Prabhupāda: India is still, I think, eighty percent people are strictly vegetarian. Not to speak of the higher class, but the lower class also. The higher class, brāhmaṇa, kṣatriya and vaiśya. Vaiśya is via media, between higher and lower. And the śūdras and less that the śūdras, caṇḍālas, they are lower class. So meat-eating is current among these lower class of men, śūdras and caṇḍālas. The caṇḍālas, they have no discrimination, they eat everything, and śūdras, they eat meat, but under restriction. Some of them do not; some of them do, but under restriction, and that is restricted with the goat animal. Less than the śūdras-caṇḍālas, pañcama, fifth grade—they eat everything. Especially they eat—because cow protection in India is very strict—so these caṇḍālas, fifth grade men, they eat generally pigs. Pigs they eat. Outside the village, they have their residential quarters, and they fry live pigs. And they make... Not daily; sometimes. But they eat pigs, and amongst them, there is a class—they are cobblers—they eat this cows' flesh when the animal is dead, not living and we'll kill.
Bernard Manischewitz: He dies his own natural death?
Prabhupāda: Yes. Because the higher class, they keep cows, they maintain, but after all, the animal will die. So when the animal dies, they call for this cobbler class, and he takes away the dead cows. So he gets out the skin, hooves, bones and flesh, they eat, and this skin is tanned by them, and they prepare shoes. So they get their raw material without any price.
Bernard Manischewitz: I see, yes. (laughs)
Prabhupāda: They are poor class. So our program, "When he will die," so they wait for the death of the animal and get the skin, hoof, bones, they make trade. (to devotee:) So what is this key, the elmira?
Devotee: No, that is a little spoon for your tilaka.
Prabhupāda: Oh. So cow is very important animal. So from religious point of view, or from economic point of view, cows are not allowed, in the Vedic civilization, to be killed. The meat-eaters, they are everywhere, all over the world, but in India meat-eating is allowed—the fifth class, fifth grade community, they eat these cows when it is dead. And the śūdra class, they also eat meat restrictively, goats. That is only under certain restriction, means sacrifice. The goat is sacrificed in the Goddess Kali's temple, and they eat. This is very dangerous, this sacrifice. It is very dangerous. It creates all sinful men. In the Christian religion also, it is said, "Thou shall not kill," and they are killing. So what kind of Christians they are?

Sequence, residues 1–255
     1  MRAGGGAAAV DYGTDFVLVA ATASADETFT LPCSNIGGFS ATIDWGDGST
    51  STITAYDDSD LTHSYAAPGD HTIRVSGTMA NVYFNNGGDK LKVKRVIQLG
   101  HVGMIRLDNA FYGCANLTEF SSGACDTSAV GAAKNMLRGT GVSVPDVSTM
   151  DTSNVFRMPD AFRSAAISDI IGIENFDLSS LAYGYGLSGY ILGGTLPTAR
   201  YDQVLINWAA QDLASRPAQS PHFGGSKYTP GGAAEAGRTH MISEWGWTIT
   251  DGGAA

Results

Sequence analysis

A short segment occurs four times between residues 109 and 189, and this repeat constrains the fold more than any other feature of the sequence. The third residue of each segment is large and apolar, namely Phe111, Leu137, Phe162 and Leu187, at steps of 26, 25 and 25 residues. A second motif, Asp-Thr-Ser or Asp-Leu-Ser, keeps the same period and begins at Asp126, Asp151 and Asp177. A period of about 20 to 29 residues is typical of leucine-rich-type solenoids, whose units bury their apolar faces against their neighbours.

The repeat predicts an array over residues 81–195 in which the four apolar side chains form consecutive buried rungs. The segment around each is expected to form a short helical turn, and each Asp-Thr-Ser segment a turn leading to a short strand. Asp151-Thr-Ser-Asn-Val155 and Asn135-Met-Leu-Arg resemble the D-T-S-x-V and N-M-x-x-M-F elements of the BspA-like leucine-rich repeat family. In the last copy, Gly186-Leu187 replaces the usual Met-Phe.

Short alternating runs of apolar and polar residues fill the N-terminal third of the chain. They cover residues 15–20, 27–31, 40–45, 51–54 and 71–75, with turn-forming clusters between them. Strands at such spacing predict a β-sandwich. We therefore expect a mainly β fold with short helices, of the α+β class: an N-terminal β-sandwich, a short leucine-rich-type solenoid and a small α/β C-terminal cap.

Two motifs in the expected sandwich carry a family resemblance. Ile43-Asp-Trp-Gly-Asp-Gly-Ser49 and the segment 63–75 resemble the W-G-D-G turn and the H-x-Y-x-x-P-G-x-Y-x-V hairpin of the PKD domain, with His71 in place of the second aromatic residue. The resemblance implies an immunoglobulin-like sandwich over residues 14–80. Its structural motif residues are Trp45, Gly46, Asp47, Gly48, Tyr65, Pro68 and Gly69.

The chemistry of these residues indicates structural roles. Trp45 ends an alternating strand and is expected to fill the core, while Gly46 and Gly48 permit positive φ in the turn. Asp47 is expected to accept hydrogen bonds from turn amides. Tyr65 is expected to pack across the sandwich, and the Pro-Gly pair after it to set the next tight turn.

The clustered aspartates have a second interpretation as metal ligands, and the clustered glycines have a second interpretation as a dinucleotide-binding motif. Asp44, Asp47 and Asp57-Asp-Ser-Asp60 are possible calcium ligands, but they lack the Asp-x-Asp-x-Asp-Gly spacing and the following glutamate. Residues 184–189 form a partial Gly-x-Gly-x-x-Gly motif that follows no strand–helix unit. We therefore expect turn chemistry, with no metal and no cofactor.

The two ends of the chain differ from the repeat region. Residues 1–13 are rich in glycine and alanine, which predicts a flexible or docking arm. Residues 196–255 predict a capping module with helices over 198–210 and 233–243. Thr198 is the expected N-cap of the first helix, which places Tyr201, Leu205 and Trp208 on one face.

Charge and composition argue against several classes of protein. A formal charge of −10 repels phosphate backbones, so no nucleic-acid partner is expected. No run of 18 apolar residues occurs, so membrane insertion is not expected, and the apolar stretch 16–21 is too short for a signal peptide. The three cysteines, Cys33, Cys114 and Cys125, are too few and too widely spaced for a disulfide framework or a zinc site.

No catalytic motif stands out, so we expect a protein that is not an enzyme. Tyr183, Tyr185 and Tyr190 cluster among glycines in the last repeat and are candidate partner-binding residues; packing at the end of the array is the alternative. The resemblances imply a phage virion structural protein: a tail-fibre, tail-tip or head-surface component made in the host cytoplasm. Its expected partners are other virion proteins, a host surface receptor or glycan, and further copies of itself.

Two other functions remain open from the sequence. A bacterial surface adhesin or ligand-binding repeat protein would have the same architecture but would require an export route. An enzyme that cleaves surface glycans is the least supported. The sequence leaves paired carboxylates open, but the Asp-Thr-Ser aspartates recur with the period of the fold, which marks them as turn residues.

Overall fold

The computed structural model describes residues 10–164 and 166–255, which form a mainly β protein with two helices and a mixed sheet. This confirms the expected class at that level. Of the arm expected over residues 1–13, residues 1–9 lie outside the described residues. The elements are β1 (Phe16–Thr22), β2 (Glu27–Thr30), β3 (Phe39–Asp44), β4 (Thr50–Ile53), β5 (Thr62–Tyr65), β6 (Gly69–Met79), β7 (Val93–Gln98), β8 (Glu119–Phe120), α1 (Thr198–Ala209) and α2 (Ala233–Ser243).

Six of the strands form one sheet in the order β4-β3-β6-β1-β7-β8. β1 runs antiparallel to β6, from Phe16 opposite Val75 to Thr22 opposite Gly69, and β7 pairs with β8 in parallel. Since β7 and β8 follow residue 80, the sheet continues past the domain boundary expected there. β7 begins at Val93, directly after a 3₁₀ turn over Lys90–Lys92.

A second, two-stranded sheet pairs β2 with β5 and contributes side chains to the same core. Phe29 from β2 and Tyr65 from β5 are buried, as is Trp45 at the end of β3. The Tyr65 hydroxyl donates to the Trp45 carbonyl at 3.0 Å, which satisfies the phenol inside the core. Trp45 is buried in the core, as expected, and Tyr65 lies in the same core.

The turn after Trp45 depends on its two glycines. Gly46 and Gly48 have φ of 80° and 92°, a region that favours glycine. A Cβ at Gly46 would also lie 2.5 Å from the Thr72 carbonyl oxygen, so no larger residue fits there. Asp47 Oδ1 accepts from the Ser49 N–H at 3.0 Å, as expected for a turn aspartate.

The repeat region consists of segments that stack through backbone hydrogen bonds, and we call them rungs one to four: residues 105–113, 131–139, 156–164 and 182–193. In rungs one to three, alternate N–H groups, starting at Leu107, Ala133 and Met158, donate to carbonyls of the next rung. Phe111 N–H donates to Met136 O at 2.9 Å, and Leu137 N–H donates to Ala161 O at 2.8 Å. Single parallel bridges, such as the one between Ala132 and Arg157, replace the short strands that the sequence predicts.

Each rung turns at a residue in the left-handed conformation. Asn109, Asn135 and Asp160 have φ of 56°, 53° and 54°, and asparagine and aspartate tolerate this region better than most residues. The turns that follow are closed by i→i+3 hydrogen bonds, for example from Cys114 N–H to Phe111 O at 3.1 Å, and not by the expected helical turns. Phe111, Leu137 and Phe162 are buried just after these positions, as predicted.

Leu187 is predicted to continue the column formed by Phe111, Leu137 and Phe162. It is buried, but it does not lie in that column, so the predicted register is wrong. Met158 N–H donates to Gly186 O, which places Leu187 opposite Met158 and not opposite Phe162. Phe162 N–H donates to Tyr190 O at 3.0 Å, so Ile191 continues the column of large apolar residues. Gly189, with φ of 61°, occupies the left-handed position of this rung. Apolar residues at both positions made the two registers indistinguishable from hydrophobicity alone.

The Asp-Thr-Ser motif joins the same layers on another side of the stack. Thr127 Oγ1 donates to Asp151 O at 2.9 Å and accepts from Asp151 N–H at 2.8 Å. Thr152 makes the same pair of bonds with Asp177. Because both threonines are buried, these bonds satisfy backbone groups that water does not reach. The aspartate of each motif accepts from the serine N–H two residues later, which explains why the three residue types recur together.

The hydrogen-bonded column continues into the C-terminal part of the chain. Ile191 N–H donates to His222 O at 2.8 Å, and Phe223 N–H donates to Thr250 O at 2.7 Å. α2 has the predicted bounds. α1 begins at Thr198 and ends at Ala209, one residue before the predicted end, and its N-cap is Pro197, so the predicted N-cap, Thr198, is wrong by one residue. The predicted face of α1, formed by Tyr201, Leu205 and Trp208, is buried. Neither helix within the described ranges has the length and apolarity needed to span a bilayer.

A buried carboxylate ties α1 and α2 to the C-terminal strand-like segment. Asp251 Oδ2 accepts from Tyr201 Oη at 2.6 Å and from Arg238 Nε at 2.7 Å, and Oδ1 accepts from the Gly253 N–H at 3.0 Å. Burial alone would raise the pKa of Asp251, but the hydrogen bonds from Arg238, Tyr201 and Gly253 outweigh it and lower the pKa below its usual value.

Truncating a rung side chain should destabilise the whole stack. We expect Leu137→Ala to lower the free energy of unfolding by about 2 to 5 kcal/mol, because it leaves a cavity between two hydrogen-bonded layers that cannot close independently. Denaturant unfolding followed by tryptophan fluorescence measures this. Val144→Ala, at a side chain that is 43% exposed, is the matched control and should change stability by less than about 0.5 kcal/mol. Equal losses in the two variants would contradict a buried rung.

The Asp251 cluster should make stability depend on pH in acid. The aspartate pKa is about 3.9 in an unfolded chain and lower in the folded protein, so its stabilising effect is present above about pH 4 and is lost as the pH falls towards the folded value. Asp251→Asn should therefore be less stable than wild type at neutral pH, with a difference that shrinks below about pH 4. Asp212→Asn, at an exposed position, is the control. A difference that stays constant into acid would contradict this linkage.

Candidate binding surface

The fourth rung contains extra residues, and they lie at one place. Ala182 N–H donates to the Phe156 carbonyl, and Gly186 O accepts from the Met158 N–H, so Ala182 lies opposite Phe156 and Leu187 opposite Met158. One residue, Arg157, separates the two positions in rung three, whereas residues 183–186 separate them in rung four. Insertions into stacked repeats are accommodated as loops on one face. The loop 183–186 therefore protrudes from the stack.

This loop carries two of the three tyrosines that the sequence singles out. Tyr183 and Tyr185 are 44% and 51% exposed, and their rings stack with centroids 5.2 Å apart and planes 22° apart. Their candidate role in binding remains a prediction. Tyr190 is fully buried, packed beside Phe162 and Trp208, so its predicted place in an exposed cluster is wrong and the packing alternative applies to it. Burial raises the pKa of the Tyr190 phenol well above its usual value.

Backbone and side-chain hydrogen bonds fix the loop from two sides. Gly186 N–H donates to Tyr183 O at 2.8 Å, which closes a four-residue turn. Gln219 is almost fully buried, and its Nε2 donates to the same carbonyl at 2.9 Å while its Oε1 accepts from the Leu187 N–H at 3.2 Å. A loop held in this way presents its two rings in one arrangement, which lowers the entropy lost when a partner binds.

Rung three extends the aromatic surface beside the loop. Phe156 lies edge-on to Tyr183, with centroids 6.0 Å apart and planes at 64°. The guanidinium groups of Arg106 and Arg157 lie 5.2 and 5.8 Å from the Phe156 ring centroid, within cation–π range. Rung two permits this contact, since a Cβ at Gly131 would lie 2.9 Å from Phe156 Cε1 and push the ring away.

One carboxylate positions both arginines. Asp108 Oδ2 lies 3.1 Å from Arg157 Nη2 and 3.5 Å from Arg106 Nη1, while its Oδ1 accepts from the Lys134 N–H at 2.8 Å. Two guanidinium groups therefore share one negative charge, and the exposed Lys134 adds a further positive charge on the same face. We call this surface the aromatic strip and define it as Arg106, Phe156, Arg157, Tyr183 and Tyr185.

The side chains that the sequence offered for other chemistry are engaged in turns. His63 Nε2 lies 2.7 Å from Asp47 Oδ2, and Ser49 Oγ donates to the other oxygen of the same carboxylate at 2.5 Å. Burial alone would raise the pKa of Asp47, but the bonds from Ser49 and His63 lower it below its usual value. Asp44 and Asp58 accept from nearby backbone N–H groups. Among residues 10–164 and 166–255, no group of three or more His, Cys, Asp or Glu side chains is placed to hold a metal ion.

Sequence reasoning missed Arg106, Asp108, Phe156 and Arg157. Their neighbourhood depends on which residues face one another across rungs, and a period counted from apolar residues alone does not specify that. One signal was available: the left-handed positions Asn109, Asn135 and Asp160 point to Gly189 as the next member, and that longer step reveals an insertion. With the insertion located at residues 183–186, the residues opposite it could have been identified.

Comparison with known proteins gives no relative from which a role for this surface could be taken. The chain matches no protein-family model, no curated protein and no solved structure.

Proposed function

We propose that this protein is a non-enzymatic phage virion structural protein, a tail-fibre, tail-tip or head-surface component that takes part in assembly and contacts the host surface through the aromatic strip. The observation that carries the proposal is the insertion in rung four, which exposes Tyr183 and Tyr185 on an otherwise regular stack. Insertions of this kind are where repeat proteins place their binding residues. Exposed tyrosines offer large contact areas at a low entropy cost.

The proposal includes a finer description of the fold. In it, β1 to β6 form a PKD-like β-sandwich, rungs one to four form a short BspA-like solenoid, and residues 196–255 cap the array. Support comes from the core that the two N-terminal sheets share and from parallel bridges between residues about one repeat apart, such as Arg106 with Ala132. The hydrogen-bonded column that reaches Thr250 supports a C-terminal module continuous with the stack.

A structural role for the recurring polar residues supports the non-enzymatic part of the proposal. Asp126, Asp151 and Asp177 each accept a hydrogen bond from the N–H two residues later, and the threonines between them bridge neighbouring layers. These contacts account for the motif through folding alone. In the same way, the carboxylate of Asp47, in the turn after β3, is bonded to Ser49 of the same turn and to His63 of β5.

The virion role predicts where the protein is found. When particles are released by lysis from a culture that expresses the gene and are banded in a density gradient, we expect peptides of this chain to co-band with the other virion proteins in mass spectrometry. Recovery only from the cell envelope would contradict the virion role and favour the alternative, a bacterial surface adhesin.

Bernard Manischewitz: Do they kill them in a slaughterhouse?
Bernard Manischewitz: Do they kill them in a slaughterhouse? The goats?
Bernard Manischewitz: Like a sacrifice.
Bernard Manischewitz: I see.
Prabhupāda: Sacrifice means restriction. One meaning of sacrifice is: if you believe in the śāstra, the animal is going to get next life as a human being. Because he is being sacrificed under Vedic rituals, so he is given promotion immediately, to human life. So he is not loser. His body being sacrificed before the deity, he gets the opportunity of getting a human life immediately, for which he had to wait perhaps thousands and thousands of years, because the evolution will go. Of course, after animal life the next life is human life. So anyway, he is given the concession to get a human form of body immediately after this body is destroyed, and with the right that he has the right to kill the man who has killed him. That mantra is cited, that "He was sacrificing your life, so you get immediately human form of body, and you can kill this man." So this is the Vedic rituals.